ANOREXIA: An Internal Battle Between Shame and Pride

The Motivation: Shame in the Psychology of Anorexia

I often went entire days without speaking — unable to get a word in over my inner taskmaster, who never shut up: “You fat, disgusting slob, you’ll never be thin enough, good enough, smart enough, tough or talented enough….” — Aimee Liu, Gaining: The Truth About Life After Eating Disorders

At its core, anorexia can cause a deep sense of shame. It can come from one or more of a host of influences. Liu’s account of the thoughts that plagued her are also often present in bulimia.

The Counterweight: Pride in the Psychology of Anorexia

Inside, that little kernel of pride sprouted, watered by the attention and by what I understood to be envy; without even trying very hard, I could do what others tried and failed to do. — Caroline Knapp, Appetites: Why Women Want

For Knapp, this moment occurred as she began to lose weight and consciously avoided eating when with friends. This arrogance is always present, but usually well hidden. Revealing it would give away an internal hardness. But not thinking it would deny the person the sense of power that anorexia offers. Note also that the massive failures of the practice of dieting allow those with anorexia to evoke envy and a sense of being special very easily.

In Gaining: The Truth About Life After Eating Disorders, author Aimee Liu quotes Marya Hornbacher, who explains the resulting internal battle accurately: “It’s hard to describe how these two things can take place in the same mind, the arrogant, self-absorbed pride in yourself for your incredible feat, and the belief that you are so evil as to deserve starvation and any other form of self-mutilation. They coexist because you’ve split yourself in two…”

The Veneer: Bland Self-Protection in Anorexia

I think I look okay. I’m sure you mean well, but you’re mistaken, just like the doctors here. I don’t look too thin nor is my weight too low. — “Greta,” from Steven Levenkron’s Anatomy of Anorexia

A psychotherapist, Levenkron is taking this quote from a conversation with a young woman just hospitalized; her heart, kidneys, and liver were failing. She was too weak to lift a telephone receiver. She had just threatened to sue her doctors for saying that they needed to feed her intravenously to save her life. But notice her politeness and her bland way of speaking in this quote. It shows a numbness to the reality of her skeletal appearance, to the urgency of the situation, and to the kindness of the author…that is, until Levenkron told her she would be declared psychiatrically incompetent if she didn’t cooperate. Then her response was, “I’m scared. I don’t want them to make me fat!”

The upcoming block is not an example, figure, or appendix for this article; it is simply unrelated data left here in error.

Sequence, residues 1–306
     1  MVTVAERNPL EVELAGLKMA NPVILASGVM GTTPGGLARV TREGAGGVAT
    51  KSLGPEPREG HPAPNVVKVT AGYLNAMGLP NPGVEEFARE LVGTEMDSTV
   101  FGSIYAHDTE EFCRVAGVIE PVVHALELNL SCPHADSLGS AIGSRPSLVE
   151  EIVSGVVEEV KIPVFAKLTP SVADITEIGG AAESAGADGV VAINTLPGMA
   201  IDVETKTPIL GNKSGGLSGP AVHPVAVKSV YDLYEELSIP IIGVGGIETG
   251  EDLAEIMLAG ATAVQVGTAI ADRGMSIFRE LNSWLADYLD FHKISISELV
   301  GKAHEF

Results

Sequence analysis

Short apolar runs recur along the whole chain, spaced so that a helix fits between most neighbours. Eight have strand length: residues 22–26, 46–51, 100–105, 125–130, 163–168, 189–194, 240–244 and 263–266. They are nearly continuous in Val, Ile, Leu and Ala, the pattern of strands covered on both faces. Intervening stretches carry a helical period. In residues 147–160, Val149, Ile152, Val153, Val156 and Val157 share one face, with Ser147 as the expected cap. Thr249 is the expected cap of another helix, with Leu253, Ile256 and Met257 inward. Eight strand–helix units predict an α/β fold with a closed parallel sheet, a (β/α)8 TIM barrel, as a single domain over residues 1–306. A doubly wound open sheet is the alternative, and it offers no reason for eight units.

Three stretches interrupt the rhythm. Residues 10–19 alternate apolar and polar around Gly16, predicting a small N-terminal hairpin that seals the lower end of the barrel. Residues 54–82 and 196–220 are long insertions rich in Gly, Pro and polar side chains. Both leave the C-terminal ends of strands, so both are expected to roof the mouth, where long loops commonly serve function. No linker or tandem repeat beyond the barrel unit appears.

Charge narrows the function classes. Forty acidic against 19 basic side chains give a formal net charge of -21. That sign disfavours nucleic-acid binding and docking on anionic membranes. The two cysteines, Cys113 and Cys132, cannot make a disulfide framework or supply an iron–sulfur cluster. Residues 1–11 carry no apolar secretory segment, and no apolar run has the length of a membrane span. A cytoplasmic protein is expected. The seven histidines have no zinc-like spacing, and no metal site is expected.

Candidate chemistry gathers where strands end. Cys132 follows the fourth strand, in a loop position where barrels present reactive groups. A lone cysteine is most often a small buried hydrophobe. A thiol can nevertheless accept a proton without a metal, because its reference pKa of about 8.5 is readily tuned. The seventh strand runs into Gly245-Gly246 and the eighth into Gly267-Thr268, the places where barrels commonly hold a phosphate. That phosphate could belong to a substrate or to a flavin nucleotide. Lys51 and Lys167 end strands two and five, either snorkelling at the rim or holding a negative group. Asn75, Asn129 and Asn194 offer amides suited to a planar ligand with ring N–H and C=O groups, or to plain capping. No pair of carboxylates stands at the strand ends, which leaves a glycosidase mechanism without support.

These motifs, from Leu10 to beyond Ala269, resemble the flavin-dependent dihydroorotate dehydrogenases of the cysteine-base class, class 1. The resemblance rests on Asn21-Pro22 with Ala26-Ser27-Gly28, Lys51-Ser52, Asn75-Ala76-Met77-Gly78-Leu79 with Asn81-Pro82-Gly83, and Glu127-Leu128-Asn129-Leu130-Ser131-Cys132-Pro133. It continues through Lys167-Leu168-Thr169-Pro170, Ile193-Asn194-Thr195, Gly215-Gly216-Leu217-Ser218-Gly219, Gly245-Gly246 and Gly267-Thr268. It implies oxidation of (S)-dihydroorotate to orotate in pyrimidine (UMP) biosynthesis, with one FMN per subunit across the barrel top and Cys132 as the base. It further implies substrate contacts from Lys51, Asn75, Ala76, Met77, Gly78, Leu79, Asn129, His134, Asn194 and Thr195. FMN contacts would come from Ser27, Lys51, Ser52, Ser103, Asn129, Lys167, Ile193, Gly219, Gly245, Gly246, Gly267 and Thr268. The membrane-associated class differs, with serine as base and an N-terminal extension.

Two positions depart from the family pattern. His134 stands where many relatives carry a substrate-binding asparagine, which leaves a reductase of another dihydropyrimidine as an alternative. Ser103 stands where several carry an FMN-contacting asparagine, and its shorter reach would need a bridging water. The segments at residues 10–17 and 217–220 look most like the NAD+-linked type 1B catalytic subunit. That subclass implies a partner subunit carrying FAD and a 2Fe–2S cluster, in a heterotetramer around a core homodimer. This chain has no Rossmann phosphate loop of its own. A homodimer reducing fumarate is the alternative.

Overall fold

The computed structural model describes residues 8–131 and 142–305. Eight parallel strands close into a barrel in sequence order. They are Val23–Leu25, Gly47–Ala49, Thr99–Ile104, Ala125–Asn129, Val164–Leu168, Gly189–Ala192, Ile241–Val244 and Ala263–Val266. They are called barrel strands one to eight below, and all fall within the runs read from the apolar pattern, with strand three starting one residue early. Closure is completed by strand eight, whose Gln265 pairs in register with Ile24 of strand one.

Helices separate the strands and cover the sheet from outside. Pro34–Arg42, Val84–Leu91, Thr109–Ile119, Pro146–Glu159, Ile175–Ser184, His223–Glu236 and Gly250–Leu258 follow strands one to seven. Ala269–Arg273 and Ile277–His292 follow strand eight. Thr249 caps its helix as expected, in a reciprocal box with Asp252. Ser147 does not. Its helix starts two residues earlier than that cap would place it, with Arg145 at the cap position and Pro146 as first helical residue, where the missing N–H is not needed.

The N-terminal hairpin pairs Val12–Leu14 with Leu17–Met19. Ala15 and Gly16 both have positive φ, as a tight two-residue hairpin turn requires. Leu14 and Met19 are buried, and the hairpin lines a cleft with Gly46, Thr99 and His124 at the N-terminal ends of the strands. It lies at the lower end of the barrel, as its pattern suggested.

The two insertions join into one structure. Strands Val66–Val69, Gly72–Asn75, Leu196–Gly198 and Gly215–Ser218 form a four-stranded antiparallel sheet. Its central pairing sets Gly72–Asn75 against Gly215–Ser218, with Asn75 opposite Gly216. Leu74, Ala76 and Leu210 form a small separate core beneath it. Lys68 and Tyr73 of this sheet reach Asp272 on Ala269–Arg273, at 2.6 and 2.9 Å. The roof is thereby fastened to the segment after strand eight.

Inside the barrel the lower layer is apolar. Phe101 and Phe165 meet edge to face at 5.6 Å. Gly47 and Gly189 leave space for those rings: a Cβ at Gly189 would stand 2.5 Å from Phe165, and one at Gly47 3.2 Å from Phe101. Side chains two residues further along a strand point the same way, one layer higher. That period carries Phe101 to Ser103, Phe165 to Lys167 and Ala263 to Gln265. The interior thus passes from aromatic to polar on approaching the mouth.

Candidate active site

Numbness, blandness, niceness, and a certain level of vacancy are common in anorexia. Even at the brink of death, a person will choose to try to “help” someone else rather than receive life-saving care. Since the other person (parent, therapist, friend) can feel desperate as a result, the patient’s attitude doesn’t help anyone at all.

The Fear: How Anorexia Delays Tough Changes

I feel like I want to grow up, but if I do, I’ll be doing something terrible to you. — “Lena,” Anatomy of Anorexia

Lena feels ambivalence — two emotions at once. She perceives that her mother needs her to stay close to her, but if she grows up, she’ll separate from her (a part of growing up). Anorexia lets Lena feel as strong as an adult (since she’s dominating her parents) while maintaining a body that makes her feel small and young. The “small and young” (and often ashamed) part is generally the real self. It’s the part that gets protected.

The Love Affair: How the Psychology of Anorexia Offers a False Intimacy

Anorexia can feel like the best friend a person has had, at least in some ways. When leaving the disorder behind, there are still parts of it that linger in the memory as enjoyable. The enjoyable parts are not nearly as pleasurable as the parts that come from overcoming fears and dealing with the world. But there is a big feeling of nostalgia.

Hope in the Midst of Complexity in Anorexia

Anorexia is more than a battle between a spoiled, control-seeking child and her parents. The psychological relationship between the disorder and the person it inhabits is complex. A shrinking body is the visual indicator of the struggle within and how it literally eats away what is good.
But anorexia is not a hopeless problem. Treatment is available, and with a lot of hard work and patience, complete recovery and freedom is possible!!

Portions of this narrative taken from the website

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